Sometimes the news brings into focus the need for estate planning even when you “don’t have an estate.” This news story about a teen who alleges she was denied the ability to choose her caregivers or even leave the hospital is one example. It happened last year and did not happen here in Colorado, but these sort of things happen in too many places too often.
Taking the allegations as true, a young adult suffering a serious illness was admitted to rehab. After disputes with the young woman’s family, the hospital had the woman examined by a mental health professional who concluded she lacked capacity to make decisions. The hospital would not listen to the demands of the woman or her family regarding the patient’s treatment. With the finding of incapacity, there was no definitive answer as to who had the right to direct the woman’s treatment.
The hospital allegedly tried to fill that vacuum and have a guardian appointed for the woman so that the hospital could put someone in place to make decisions for her. It is not surprising to me that these efforts failed, as I would expect the law to require that the young adult and her family must receive notice of any guardianship proceeding before a court appointed a guardian to make decisions about the woman’s life.
This is a sad story that might have been avoided if the woman had a health care power of attorney in place before she had become ill. With a health care power of attorney, a finding that she was unable to make her own health care decisions would have placed that decisionmaking power with someone she chose, such as her parents. Had this happened in Colorado, even if a guardian had been appointed the medical power of attorney would have remained in place.
As soon as she reached adulthood and had the legal power to make her own decisions, the woman as principal could have named an agent to exercise that power for her when she was unable to do so. The health care power of attorney would have negated the need for a guardianship. In fact, a well-drafted medical power of attorney will include a provision nominating a guardian if one need be, increasing the chances that if a guardian is appointed it will be someone the principal chooses rather than someone the court has to choose without any input from the patient herself. Health care power of attorneys often have to be state specific, although here in Colorado there is no mandatory form that must be used.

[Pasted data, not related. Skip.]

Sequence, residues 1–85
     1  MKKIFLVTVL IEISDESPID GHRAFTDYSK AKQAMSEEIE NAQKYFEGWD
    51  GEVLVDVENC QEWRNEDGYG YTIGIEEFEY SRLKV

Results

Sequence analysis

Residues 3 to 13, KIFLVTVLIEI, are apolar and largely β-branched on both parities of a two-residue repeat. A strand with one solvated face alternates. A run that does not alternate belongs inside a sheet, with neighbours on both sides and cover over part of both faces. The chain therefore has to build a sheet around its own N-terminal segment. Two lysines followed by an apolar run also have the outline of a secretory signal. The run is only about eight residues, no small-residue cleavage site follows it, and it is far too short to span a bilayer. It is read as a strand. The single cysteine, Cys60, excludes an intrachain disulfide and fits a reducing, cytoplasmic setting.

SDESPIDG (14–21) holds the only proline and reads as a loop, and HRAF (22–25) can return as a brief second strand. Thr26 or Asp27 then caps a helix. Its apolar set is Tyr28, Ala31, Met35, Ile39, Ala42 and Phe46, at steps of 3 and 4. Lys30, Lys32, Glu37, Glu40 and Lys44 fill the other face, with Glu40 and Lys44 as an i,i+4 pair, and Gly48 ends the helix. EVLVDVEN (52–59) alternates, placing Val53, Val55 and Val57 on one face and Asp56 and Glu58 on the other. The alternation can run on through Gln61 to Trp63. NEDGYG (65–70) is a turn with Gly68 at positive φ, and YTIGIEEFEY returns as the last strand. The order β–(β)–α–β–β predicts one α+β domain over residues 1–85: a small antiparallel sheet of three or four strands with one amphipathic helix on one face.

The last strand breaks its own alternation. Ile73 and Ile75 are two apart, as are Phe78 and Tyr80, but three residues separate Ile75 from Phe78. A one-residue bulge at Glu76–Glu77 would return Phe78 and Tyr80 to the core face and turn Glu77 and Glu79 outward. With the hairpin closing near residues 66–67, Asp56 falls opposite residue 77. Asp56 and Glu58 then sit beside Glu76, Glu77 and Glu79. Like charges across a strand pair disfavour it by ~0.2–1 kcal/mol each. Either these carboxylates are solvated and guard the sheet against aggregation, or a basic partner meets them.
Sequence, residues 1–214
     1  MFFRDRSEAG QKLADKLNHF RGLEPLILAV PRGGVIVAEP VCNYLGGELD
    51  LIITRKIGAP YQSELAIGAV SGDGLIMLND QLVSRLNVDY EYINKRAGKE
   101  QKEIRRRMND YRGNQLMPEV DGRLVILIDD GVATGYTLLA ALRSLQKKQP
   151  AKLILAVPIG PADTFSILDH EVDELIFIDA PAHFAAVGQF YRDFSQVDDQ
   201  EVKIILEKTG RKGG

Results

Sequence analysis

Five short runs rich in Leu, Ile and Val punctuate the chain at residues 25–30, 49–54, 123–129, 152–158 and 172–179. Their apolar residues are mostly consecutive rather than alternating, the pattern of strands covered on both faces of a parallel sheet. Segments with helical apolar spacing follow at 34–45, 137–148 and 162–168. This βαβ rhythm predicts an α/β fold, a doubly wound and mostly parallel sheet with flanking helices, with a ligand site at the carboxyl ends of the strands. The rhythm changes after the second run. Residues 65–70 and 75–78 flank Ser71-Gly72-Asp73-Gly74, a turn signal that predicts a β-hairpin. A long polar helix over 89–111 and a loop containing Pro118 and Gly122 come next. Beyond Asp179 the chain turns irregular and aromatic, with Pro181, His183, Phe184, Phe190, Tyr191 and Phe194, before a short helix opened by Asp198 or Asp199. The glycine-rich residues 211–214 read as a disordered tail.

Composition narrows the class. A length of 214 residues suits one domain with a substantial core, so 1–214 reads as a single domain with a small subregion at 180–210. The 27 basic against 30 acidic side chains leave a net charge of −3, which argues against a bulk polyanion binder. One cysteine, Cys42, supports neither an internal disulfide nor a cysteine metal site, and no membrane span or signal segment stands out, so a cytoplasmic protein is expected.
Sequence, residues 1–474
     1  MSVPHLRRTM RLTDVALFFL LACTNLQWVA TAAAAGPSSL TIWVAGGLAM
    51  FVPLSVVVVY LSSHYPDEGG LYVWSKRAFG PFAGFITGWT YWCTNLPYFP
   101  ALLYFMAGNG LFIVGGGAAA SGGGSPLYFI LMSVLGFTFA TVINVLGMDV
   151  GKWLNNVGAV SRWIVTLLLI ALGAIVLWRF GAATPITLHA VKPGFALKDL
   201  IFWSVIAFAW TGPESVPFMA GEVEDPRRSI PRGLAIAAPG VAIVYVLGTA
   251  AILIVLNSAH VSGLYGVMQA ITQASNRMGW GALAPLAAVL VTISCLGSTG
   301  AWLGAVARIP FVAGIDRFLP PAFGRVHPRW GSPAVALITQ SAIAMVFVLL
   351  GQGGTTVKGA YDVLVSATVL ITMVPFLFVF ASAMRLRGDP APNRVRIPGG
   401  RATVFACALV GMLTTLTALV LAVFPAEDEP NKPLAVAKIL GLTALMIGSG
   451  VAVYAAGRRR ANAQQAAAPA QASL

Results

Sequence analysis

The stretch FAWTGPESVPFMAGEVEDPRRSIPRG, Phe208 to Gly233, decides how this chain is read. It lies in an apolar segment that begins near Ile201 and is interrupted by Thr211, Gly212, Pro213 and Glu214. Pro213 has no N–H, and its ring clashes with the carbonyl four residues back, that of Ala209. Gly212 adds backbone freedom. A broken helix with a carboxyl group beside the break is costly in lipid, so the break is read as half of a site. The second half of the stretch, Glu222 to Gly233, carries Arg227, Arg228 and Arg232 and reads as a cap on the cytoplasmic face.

This can happen to any adult, from age 18 to age 118. That is why our attorneys encourage all clients of our estate planning law firm and their adult children to have in place a health care power of attorney and what is often called a durable power of attorney. The ‘durable’ power of attorney would cover legal and financial decisions, again usually if one is incapacitated. These two powers of attorney, along with a HIPAA release to ensure that the right people can get answers to their questions about a patient’s care, are part of our law firm’s “Young Persons Plan. They have nothing to do with having any property or “estate”, but everything to do with maintaining control in difficult situations such as the one this young woman faced.